Lime wash

One part lime putty, c. two parts water or until the consistency of full cream milk is achieved. Mix in a small tub or a bucket with a whisk. You can sieve for a particularly fine finish.

It’s very cheap paint for porous surfaces, and can be very beautiful. If done properly, won’t rub off.

If you are adding a colour to the final coat, add the pigment to a little limewash in a jam jar and shake, then add the contents of the jam jar to a bucket of lime wash. Make sure you have enough limewash for the entire final coat, because you’ll never match the colour again. Test the colour on a small patch first, because the colour will usually dry weaker than it looks in the jar or bucket. Make sure the pigment is mixed in well, or it will produce streaks.

Experiment with colours. We’ve found that yellow pigment will produce a cream colour on the wall when dry; yellow with a bit of red – yellow on the wall; red with a bit of yellow – pink; burnt umber or siena – beige.

Make sure the pigment is compatible with lime. Most are, but ask. If it is called anything umber, sienna or ochre, they are earth pigments, and are lime-compatible. Many manufactured pigments are too.

Paint on – one coat per day – for up to 6 days.

Limewash will appear transparent on the wall when wet, but will dry white unless pigments are added. When you wet down previous coats before applying another, they become transparent again. Don’t worry, the colour will reappear when it dries.

Limewash can’t be used on an impermeable surface, as it will just flake off when dry.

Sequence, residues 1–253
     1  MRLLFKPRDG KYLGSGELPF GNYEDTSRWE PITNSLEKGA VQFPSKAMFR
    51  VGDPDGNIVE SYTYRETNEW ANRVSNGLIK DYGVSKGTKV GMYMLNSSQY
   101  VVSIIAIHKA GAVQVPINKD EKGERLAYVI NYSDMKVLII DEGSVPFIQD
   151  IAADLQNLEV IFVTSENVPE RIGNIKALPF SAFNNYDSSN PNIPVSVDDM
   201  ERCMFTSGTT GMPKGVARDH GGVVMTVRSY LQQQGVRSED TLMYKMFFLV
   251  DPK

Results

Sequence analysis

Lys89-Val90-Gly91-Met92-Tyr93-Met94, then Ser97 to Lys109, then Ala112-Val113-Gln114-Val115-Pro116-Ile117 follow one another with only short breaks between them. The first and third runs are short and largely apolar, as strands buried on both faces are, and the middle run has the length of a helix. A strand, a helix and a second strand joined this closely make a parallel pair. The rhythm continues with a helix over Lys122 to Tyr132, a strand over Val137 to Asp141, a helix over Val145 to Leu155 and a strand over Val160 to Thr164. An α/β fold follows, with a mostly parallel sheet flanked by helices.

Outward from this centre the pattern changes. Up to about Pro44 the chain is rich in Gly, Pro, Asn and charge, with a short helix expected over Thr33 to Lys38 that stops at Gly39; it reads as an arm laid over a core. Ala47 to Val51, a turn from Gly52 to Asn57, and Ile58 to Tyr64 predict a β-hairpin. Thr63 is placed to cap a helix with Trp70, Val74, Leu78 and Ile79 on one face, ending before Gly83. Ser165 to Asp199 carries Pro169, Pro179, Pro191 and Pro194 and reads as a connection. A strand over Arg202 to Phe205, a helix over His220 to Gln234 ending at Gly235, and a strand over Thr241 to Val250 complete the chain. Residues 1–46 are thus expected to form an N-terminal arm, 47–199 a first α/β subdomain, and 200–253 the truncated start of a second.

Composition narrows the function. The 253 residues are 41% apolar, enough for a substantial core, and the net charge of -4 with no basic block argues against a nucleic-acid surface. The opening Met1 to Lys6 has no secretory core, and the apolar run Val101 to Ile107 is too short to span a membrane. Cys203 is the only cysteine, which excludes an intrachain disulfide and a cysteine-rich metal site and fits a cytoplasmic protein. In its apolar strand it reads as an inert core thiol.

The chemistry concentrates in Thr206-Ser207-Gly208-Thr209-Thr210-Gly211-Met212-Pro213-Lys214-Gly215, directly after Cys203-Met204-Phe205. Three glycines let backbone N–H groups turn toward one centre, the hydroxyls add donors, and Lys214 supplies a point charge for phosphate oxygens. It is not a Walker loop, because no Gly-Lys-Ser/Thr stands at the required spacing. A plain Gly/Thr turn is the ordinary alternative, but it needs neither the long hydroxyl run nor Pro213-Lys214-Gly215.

Spray walls between coats.

Don’t apply too thickly as this impedes carbonation, and the limewash will rub off – unless the limewash is applied hot, that is (lime putty fresh from slaking and / or mixed with hot water).

Keep mixing vigorously in a large tub, and transfer to a small tub to avoid settling.

All the limewash for a final coat should be mixed in one go, so that it matches. Limewash (including coloured limewash) can be stored indefinitely in sealed containers. So it might be a good idea to make a little more of the coloured final coat than you need, so that you have some in storage in case you need to do any patching up at a later date.

You can add an egg cup of raw linseed oil per 25 litre bucket, for waterproofing – or animal fats – BUT – it will impede carbonation, will possibly allow moulds to grow, and will impede breathability. Also, it won’t talke additional coats, so it needs to be final coat only. On balance, it doesn’t seem such a good idea to add things for waterproofing, only to lose some of the excellent benefits of lime.

Wear goggles and gloves when applying limewashes to large areas.

You mustn’t apply limewash to timber too thickly, as it will flake as the wood expands and contracts with temperature and humidity. You can apply a thin coat, then brush or wipe with a cloth when dry. This will highlight the grain, and look very attractive as well as protecting the wood. Lime wash is also a fire retardant.

Cover all floors when lime washing, as it is transparent when you apply it, so you won’t know that you’ve got white splashes all over your floor until it dries.

Costs: making your own limewash is easy, and is a tiny fraction of the cost of the cheapest white emulsion paint you could possibly find.

limewashing over a lime render
pic: Mike Wye
Log output: